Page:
Studio: American Public Media
Category: Business News
What It Is
A quick, snappy look at the business news of the day/week structured with separate segments on a variety of topics related to the economy and business.
Clocking in at around twenty-five minutes an episode, the show is divided up into numerous segments of two to three minutes each. The show releases five times a week, Monday through Friday. The radio show is a production of APM, the second largest producer of public media after NPR, based in St. Paul, Minnesota. It began in 1989 and still airs on public radio stations all around the country. In 2007, it began to be released as a podcast. Both means of distribution are ongoing; you can doubtless find a time to listen to it on your local public radio station or download the podcast to listen at your convenience.
What About It
This is one of a large, large number of excellent programs produced by APM. We’ll be talking about quite a few of them. This one is typically informative and it moves at a rapid pace. No story takes up so much time that you get bored with it, yet it still feels as though the program is genuinely giving you the pertinent information you need to understand, at least on a macro level, the major business developments of the moment. Kai Ryssdal is, if I’m going to be honest, not one of my favorite hosts. He has a strange cadence to his voice that occasionally grates on me and often sounds, and I know of no other way to describe it, incredibly smug. On the flip side, his idiosyncratic style is often responsible for the occasional moments when the show transitions from being a very good news show to being a genuinely great, extremely entertaining news show. When he’s doing an interview and feels that he isn’t getting answers of a sufficiently good quality, he becomes dismissive in his tone, often interrupting his interviewees with a completely disinterested line like “Yeah, sure.” I’ll probably never forget when he dared to interrupt none other than James frigging Carville by snapping “Oh, come on!” when Carville made some sort of assertion that he didn’t agree with. James CARVILLE, you hear me? And, then I remember a time when President Obama revealed his “grand bargain,” you know, back when there was a new “grand bargain” every couple of weeks. Ryssdal introduced a story on it with one of the correspondents; the correspondent came on air, stated, “Yeah, there’s nothing new here,” and then signed off. Okay, that’s funny. And pointed too. All in all, it’s a good informative show that occasionally hits patches of being extremely good, if not great. And a word for the interstitial music: superlative.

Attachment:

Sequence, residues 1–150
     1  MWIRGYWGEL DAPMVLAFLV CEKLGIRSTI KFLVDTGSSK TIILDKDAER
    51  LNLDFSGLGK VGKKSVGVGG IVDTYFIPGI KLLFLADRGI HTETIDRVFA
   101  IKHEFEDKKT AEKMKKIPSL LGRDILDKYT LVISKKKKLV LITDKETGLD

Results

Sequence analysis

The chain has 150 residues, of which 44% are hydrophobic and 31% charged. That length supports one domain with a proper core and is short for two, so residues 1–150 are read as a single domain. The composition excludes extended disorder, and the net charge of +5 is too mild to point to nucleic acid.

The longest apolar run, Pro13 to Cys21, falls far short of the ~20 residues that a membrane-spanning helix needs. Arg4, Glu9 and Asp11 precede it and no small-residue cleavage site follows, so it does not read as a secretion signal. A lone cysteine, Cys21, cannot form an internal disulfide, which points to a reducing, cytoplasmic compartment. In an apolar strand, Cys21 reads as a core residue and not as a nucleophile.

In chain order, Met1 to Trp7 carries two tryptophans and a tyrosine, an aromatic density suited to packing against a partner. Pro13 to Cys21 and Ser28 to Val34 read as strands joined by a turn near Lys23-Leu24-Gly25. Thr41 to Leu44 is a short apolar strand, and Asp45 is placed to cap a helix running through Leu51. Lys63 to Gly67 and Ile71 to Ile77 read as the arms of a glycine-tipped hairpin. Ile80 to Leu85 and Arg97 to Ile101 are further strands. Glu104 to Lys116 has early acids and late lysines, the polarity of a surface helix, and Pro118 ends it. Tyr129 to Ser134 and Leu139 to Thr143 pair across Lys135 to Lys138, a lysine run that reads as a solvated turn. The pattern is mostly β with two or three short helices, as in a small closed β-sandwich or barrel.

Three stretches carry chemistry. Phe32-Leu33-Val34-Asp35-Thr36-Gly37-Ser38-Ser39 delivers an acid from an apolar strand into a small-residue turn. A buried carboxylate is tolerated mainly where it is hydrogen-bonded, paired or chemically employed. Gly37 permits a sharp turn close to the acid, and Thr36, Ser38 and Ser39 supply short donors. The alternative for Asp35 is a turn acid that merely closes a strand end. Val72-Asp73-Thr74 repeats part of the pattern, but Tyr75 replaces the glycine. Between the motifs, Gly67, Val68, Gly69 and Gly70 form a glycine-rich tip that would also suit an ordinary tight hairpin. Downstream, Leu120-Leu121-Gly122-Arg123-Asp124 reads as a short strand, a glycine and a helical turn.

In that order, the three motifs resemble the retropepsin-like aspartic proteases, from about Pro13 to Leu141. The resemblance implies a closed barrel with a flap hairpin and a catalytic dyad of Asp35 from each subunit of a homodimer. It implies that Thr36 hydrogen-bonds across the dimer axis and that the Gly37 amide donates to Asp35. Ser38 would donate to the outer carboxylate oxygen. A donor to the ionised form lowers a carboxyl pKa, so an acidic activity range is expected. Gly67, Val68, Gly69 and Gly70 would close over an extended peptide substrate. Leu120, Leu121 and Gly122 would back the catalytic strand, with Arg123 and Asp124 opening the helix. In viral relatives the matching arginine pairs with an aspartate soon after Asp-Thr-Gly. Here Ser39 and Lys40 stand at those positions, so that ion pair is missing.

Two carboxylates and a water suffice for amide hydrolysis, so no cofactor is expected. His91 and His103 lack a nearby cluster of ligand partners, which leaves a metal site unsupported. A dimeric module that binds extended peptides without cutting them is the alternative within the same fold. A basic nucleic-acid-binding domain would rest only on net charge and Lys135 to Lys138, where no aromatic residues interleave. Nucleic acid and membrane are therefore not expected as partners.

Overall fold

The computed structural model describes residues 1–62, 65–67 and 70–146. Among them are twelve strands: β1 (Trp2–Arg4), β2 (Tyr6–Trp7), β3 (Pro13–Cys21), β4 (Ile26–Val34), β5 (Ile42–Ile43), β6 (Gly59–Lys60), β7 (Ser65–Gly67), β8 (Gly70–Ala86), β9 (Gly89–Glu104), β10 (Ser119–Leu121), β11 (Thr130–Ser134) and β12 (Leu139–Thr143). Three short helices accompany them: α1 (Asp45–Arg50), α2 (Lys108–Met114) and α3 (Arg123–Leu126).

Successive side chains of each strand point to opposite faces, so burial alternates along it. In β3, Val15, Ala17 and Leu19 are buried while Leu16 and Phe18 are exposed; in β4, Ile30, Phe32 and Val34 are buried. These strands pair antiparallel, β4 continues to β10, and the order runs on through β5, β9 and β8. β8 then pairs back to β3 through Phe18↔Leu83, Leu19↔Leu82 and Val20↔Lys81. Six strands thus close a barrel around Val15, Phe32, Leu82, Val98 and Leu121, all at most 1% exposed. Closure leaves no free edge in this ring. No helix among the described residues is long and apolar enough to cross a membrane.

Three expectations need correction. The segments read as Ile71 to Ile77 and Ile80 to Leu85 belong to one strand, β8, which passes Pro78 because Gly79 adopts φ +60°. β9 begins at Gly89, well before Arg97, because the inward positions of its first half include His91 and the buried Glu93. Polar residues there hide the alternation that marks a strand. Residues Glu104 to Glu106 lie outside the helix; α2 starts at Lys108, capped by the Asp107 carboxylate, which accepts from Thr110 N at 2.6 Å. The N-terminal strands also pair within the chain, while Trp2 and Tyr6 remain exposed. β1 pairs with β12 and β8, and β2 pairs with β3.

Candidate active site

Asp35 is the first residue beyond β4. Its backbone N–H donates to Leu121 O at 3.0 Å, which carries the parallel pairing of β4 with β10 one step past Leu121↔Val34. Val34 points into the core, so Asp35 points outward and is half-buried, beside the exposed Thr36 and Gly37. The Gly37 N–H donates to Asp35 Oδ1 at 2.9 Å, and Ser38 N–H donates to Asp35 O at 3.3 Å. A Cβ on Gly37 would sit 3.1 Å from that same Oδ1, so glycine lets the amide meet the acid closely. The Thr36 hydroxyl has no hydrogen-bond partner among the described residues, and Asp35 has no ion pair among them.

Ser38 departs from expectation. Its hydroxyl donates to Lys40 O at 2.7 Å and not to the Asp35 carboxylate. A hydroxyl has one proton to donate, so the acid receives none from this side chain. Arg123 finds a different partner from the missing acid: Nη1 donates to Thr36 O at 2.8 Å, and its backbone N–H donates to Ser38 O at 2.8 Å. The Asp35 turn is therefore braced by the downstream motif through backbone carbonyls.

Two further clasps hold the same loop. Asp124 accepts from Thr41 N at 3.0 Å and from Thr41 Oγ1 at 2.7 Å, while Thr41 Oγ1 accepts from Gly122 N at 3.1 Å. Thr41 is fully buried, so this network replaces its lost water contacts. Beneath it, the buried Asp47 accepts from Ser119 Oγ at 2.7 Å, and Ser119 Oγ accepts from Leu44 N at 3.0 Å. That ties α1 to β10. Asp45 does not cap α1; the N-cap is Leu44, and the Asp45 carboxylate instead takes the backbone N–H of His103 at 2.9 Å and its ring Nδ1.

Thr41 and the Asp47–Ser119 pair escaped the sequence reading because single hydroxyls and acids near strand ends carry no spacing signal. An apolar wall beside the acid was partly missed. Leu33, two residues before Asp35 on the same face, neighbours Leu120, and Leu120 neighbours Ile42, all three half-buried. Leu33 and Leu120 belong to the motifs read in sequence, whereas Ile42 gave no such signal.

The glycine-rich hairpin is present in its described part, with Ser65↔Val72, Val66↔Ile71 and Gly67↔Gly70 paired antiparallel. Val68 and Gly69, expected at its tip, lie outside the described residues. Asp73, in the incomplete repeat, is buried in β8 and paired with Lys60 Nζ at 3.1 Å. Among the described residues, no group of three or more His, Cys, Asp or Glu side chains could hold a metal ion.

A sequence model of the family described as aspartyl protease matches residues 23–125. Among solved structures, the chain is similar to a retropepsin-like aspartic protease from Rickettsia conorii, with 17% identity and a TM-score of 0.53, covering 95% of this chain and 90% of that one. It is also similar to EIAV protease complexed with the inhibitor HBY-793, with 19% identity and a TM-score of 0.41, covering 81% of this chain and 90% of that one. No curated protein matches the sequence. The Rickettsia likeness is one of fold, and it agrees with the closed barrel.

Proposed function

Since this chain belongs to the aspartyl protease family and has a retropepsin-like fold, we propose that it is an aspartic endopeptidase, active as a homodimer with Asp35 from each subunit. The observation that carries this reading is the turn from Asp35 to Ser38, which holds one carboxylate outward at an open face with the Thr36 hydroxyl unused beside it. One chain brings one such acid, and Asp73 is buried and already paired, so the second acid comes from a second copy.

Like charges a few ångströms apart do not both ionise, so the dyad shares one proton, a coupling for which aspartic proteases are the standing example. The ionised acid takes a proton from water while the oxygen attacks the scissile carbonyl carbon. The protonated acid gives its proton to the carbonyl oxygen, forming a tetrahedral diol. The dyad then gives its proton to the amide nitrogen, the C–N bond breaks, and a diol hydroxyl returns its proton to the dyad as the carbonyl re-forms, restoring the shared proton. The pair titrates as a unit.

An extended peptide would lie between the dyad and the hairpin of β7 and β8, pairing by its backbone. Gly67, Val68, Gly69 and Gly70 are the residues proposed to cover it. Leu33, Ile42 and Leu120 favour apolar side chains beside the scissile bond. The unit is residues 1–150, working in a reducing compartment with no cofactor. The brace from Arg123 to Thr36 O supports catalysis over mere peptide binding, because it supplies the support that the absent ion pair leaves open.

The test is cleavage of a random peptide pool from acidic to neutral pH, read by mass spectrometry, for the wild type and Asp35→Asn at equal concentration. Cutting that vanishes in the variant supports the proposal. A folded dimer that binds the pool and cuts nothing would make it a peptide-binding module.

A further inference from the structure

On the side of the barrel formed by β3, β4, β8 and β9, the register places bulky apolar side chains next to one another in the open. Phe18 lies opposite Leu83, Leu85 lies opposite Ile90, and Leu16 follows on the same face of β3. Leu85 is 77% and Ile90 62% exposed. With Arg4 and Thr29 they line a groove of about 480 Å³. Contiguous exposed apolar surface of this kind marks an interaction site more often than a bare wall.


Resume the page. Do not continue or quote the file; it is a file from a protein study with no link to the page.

You like your business news with a generous helping of quirk.
Avoid Like the Plague If
You think “Ben Bernanke” is a Dr. Seuss character.
Best Entry Point
As with any news podcast, the basic recommendation is to just download the most recent one. But if you want a choice from the archives that really demonstrates the show at its most emotionally resonant, check out this series of segments on the crime-ridden & poverty stricken town of Camden, New Jersey, and the way in which the healthcare industry may be giving it a ray of hope.
2 stars. Recommended against, on the whole.
Next time, a critically acclaimed podcast that actually offers little in the way of insight.